A Cape Wine Master-class
Education Experience 4.5 Wine Courses

A Cape Wine Master-class

Friday 17 March 2017

Experience: 4.5/5

Day 2 of the Cape Wine Academy Certificate Course promised to be slightly gentler on the grigio matter. The route to Morgenhof Wine Estate, North of Stellenbosch, was known. It was a Friday (with less traffic) and the first lecture started half an hour later than registration for Day 1. Nonetheless, getting up today was quite a struggle.

There were only two lectures today too. The Main Course, so to speak, was served up by another Cape Wine Master called Raymond Noppe. He was younger than Dave and I was humbled to see a Cape Wine Master looking so young. As with much in life, I wish I had started earlier ….

The topic for learning this morning was viniculture, or wine-making, and so everything that happens to the grapes after they have been picked. There is certainly an art and a science to wine-making and none more so than during harvesting and afterwards in the cellar. Chemical kits and computer analysis have a role to play for the modern wine-maker but I sense the old taste and a sniff are just as important.

It was time to learn another language – as befits any technical subject – of degrees balling, M.O.G (materials other than grapes), ‘must’ and ‘mash’ (not of the potato variety), ‘lees’, ‘maceration’ and a ‘cold soak’ (not during an Eskom power cut), MLF and sparging. Raymond showed us many flow charts, many quite literally so, on the screen in front of the class. He told us too about sealing bottles, cork types, and wine faults. I was particularly interested to find out more about how to read a wine analysis sheet. It now makes a lot more sense and I shall take a new interest in knowing how to read wine labels.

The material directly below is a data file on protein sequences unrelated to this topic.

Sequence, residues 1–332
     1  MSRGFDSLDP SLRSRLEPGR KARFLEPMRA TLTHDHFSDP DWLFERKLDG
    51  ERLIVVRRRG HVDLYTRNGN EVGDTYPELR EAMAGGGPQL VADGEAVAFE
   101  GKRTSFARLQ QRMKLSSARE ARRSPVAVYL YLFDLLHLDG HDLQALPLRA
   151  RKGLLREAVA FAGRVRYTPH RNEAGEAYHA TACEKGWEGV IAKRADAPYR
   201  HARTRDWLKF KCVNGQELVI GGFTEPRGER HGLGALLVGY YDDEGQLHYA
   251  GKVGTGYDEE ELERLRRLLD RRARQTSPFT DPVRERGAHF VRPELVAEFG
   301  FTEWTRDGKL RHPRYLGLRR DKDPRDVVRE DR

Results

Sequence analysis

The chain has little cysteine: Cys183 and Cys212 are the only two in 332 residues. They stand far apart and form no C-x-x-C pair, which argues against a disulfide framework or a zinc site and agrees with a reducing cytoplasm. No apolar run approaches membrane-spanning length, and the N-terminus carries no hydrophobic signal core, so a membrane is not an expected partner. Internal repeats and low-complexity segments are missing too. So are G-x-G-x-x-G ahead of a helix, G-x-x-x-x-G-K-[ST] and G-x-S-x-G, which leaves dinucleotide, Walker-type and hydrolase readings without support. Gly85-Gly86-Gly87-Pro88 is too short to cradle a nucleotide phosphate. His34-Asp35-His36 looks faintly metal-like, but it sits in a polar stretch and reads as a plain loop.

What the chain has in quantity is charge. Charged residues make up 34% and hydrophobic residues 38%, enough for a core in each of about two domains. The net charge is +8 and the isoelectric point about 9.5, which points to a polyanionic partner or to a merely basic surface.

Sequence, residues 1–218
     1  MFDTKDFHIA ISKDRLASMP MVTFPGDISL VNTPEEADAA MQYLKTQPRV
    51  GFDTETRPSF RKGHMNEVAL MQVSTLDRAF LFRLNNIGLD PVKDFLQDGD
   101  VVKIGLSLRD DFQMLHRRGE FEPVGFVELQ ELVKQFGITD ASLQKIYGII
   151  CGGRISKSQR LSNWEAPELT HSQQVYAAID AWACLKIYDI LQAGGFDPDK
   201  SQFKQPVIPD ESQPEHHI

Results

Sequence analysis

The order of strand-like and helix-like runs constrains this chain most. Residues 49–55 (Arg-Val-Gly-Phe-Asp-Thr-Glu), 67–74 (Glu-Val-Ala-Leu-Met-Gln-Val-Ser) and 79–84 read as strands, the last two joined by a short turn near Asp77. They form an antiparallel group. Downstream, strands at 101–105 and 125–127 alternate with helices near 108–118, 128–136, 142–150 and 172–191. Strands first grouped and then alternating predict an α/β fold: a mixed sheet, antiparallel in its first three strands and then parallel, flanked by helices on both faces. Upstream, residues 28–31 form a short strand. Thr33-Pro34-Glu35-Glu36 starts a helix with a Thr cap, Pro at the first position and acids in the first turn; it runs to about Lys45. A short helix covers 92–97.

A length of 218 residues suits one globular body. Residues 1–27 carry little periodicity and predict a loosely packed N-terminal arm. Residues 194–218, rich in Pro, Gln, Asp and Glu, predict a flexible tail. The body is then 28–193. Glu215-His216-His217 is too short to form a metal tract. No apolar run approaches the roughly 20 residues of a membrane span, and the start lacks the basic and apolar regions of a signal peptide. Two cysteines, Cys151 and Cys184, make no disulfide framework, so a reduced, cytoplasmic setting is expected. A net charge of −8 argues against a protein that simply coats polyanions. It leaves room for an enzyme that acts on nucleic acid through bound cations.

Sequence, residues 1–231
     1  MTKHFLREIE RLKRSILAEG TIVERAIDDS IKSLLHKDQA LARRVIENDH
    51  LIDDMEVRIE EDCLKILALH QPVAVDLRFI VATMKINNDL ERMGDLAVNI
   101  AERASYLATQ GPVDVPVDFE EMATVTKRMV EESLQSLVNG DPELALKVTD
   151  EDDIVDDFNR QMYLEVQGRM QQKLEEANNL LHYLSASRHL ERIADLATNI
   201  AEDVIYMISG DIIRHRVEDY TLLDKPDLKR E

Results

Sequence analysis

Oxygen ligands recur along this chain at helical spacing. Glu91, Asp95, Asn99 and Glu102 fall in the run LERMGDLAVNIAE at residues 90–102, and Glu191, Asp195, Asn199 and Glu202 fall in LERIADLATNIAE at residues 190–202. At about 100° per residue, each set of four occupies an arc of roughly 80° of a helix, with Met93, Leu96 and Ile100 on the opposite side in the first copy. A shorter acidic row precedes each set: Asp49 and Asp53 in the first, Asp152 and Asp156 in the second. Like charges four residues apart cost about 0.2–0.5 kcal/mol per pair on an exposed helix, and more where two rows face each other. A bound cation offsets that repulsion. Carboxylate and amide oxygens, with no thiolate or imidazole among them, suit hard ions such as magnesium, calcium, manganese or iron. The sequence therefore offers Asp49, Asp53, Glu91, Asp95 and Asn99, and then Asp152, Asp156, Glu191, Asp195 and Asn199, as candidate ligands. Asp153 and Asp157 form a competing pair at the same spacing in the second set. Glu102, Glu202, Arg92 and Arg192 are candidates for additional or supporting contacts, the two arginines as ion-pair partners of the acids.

Throughout, Raymond impressed by his knowledge. Can I ever learn so much? I have to if I seek to become a Cape Wine Master. Oh, and we did some tutored tasting too. I can never have enough instruction on how to taste wine. Each lecturer has their own approach and this is also useful.

Coffee followed the Main Course. Afterwards, we returned to the classroom for ‘after dinner drinks’ with Danie Pretorius from the South African Brandy Association. Danie was just what I needed for the last lecture of the day before lunchtime. He was funny and informative. If I had a poor or erroneous perception about brandy before his talk then I certainly did not after, though what’s wrong with an ‘old man’s’ drink?!

I never knew that South Africa has the strictest brandy production regulations in the world or that, from the number of winners in the prestigious International Wine & Spirit Competition, our brandy is some of the best in the world. I didn’t know too the differences between potstill and vintage and blended brandies. The 2 hours passed quickly and as it should have done for a Friday. We tasted samples of each brandy type too, in moderation of course, and without the rigour of analysis and scoring.

I enjoyed Day 2 of the Course more than the first day. There was much to learn but the day flowed better and was shorter. I didn’t even take as many photos either. I must have been tired as I cannot remember what I did on Friday evening afterwards …

Wines tasted: (to follow)




KWV Twelve Barrel Select
Richelieu 10 Year Vintage Brandy

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